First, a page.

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SQL Server 2012 End of Life: What does the Microsoft Product Lifecycle mean to me?

Rob Carrol

SQL Server 2012 is fast approaching its Extended Support end date of 12th July 2022. After this date regular security updates will no longer be provided, exposing your data to significant security and compliance risks. In addition to this, support for Windows Server 2012 and 2012 R2 will end in October 2023. This blog will explain what this means and how unsupported products can affect your business:

The Support Lifecycle

Microsoft products have:

  • 5 years of Mainstream Support
  • 5 years of Extended Support

Mainstream Support provides customers with bug fixes and security updates, while products on Extended Support only receive security fixes. This enables products to remain compliant.

Once a product has moved beyond Extended Support, Microsoft no longer has an obligation to provide security updates.

Why do businesses run SQL Server 2012?

SQL Server 2012 was released nine years ago and introduced some great new features, such as Columnstore indexes, Database Audit, and Always On Availability Groups. There have been several releases since that have built on and improved these features, but the popularity of SQL Server 2012 has remained high.

This is due to four main reasons:

  • Application compatibility – moving to a newer version could mean updating far more than just your Microsoft data platform.
  • SQL Server 2012 is good enough – companies find that the server suits their needs and see no need to switch over to a newer version.
  • Upgrade cost and complexity – prior to end of life, the cost and complexity of an upgrade may have outweighed the benefits.
  • Lack of knowledge or skills – some businesses have been unable to move platforms due to a lack of in-house knowledge.

What are the risks of using an unsupported platform?

Choosing to run applications on an unsupported platform carries several important risks that your organisation must consider:


When SQL Server 2012 moves out of Extended Support, it will no longer receive security updates. Without patching vulnerabilities, your data will be at risk from cyberattack. While physical security measures such as a firewall or anti-virus software may provide some protection, this is unlikely to be enough for most organisations to be confident if they are hosting sensitive data.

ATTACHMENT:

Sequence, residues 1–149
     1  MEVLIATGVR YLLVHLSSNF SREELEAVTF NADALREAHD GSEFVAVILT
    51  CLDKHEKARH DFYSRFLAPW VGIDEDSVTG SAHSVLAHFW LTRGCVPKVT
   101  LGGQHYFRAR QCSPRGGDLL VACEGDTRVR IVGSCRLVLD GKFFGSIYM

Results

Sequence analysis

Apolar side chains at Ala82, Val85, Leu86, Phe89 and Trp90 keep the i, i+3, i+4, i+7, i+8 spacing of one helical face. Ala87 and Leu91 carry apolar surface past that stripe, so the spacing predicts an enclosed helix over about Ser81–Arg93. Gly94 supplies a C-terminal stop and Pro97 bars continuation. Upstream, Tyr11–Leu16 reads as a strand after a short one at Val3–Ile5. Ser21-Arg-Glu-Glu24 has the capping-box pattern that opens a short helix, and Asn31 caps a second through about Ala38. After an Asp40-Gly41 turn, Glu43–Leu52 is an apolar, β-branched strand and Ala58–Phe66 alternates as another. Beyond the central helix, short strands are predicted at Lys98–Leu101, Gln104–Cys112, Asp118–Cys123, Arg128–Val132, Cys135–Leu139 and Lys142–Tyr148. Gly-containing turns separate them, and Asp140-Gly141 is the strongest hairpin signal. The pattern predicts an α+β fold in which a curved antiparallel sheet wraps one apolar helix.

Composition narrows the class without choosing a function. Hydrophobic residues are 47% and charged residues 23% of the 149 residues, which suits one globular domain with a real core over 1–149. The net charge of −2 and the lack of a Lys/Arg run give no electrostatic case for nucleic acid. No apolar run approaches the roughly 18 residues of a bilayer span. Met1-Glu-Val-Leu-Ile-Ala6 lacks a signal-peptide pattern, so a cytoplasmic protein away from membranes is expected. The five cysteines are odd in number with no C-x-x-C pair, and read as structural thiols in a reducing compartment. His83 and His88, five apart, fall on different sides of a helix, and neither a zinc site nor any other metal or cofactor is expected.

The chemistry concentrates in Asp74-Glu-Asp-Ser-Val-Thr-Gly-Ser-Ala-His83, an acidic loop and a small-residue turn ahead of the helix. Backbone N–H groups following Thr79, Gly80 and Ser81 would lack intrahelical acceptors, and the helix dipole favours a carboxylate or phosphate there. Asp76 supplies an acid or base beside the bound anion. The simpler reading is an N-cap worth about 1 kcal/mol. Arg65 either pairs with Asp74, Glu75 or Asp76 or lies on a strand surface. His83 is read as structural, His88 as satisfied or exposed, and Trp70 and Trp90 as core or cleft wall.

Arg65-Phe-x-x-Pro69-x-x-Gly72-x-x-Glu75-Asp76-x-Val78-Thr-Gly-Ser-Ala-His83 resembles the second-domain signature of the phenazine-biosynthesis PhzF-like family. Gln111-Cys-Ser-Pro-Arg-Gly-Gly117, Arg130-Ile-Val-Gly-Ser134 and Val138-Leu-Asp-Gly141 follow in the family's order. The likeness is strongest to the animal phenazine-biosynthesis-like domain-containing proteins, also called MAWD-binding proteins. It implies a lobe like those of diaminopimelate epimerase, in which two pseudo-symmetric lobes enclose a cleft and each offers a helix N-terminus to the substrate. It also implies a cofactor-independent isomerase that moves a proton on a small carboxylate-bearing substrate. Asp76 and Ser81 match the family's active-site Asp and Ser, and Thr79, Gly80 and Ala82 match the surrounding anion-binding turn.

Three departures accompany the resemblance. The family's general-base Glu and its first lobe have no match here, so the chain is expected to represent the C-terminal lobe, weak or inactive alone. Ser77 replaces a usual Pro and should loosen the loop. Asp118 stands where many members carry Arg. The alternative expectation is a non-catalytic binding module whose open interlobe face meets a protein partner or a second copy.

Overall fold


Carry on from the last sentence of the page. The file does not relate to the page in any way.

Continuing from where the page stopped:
With increased security risks comes the danger of becoming non-compliant. Many industry regulations and standards, such as GDPR and PCI DSS, require organisations to use supported platforms. Retailers accepting card or online payments are required to maintain vendor support and inability to demonstrate this could render them unable to process card payments in line with their obligations. Non-compliance has real legal and financial implications for your business, along with the risk of a loss of reputation or damaged relationships with your customers.

Financial costs

Maintaining unsupported platforms comes with a high price. Microsoft generally discourage customers from running out of support software by charging a premium for Extended Security Updates to detract customers from this approach. In the first year the annual cost of this is expected to be 75% of the licence cost.


Organisations must maintain their software assets and modernising the underlying data platform is part of this journey. Many organisations already use database compatibility levels to mimic behaviour of down-level versions to avoid code fixes required by more modern servers.

What can I do now?

To ensure your organisation remains supported, we’re recommending our proven methodology with the following four-step process:

  1. Identify - create an inventory of your organisation’s estate and identify any SQL Server 2012 (and earlier) workloads along with configuration, feature usage and workload benchmarks.
  2. Plan - plan the migration of the workloads identified in the first step. Determine the best migration approach for each workload.
  3. Execute - put your plan into practice. Our team deliver cloud migration projects with reduced risk, cost and complexity.
  4. Optimise - once in Azure, organisations will receive free Extended Security Updates (ESU) for SQL Server 2012 and Windows Server 2012 and 2012 R2 for three years after end of support, allowing time for applications to be upgraded or re-platformed to optimise for performance. Customers can combine this with Azure Hybrid Benefit to use existing on-premises licenses to deliver the best value for their Azure investment. Our Dedicated Support team is currently helping customers with this ongoing activity.

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